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Question DetailsAsked on 8/3/2014

600 sqft attic has three 8" roof vents but no intake, plus I have no soffits. How do I install intake vents?

House built in 1983, roof is only 2 years old.

I assume I need some sort of intake air vent. Why would they build a house without intake air vents?

I don't have any soffits, just gutters right up against the roof. Those "behind-the-gutter" vents would seem like a real pain to install because I'd have to remove all the existing gutters, right?

What other type of intake vents can I install?

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8 Answers


If the house is a gable design, gable vents will work. Short of that, that's a design flaw.

Answered 5 years ago by Roofman1


Roofman1, yes, it's a gable design. I thought the intake needed to be near the bottom of the attic so the attic gets proper air flow.

I live in a neighborhood just outside Boulder, CO where there's only 3 house so if my house design is flawed then the whole neighborhood is flawed. No one in the neighborhood has soffits or gable vents, just roof vents.

Answered 5 years ago by elyders


Maybe flawed isn't the most apropriate word, however, I can think of several others none of which answers your question. In the case of not being able to install ventilation within the shingle manufacturers requirements means you have no warranty in the event of a shingle failure due to manufacturer defects. Gable vents are typically used for exhaust ventilation, but in this case, because of the $#&* design of the structure, I don't know of a practical solution to the intake part of a static system. The behind the gutter type you mentioned I would steer clear of personally due to the potential of water damage especially with the snow building up and then melting where you live. Gable vents, one on each end will get you a lot closer to specs than without them, that's for sure.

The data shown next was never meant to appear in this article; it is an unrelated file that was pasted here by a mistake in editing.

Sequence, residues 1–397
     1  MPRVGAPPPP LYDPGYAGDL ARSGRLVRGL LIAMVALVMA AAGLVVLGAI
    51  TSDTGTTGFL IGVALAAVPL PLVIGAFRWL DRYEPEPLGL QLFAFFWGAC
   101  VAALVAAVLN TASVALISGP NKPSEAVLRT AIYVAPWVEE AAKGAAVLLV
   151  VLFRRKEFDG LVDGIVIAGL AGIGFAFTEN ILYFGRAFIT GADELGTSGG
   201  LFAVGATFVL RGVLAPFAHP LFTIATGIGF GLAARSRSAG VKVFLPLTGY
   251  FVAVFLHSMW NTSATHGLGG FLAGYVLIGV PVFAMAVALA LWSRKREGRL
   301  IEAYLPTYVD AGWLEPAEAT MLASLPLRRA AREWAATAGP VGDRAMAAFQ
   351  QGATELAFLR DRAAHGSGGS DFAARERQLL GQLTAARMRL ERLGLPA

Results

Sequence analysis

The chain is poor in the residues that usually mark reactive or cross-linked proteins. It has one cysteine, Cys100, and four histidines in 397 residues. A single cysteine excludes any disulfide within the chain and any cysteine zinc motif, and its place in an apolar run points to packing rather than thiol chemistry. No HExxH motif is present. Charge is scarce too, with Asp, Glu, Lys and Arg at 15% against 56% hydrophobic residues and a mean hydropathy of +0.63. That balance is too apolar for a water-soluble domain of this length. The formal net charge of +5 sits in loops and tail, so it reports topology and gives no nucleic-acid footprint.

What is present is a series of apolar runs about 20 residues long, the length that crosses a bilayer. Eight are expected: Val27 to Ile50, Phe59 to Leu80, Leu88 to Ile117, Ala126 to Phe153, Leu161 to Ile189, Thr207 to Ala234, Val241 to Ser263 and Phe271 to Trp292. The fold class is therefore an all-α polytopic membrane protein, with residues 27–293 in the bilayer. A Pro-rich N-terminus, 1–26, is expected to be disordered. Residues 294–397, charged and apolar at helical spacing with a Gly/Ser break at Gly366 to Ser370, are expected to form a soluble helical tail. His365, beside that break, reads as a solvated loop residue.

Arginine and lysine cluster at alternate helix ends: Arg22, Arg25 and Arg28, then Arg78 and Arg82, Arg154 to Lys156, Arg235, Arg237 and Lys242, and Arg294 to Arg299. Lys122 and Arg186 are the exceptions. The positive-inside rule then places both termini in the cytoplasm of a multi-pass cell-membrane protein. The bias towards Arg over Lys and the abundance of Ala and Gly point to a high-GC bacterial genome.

Answered 5 years ago by Roofman1


Roofman1, thank you for your response.

My main concern is whether I'm going to mess something up by trying to add vents to the attic. I assume I need to somehow get some intake vents installed... and preferably near the bottom of the attic space so the air flows upwards.

Is it also just as important to have intake vents all around the attic, or can I get by with intake vents in only part of the attic? Half of the attic is accessible, but the other half is pretty much closed off because my living room has a cathedral ceiling.

What kind of contractor would I call for this if I start getting overwhelmed? A roofer?

Answered 5 years ago by elyders


I am at a loss here - are you saying your house has no roof overhang - zero eave ? Thought that went out with the 1800's hip roofs. Is there a chance of posting a couple of photos - one showing pretty much the entire house from outside, then another from just below the edge of the roof showing the roof and top of the wall ? You can post using the Answer This Question button right below your question - post photos using the left-most yellow icon right above the Your Answer box.

IF you truly have no roof overhang, which in my opinion means the architect should be strung up from the rafters - oh right, no rafter tails to do that, then this should have been either built as an air-conditioned attic space building like a normal flat-roof building, or ventilated as an insulated flat roof - with turbine or airscoop ventilators. I will go further than the prior commenters - failing to provide ventilation in an unconditioned attic space IS a flawed design, and should not have passed city inspection.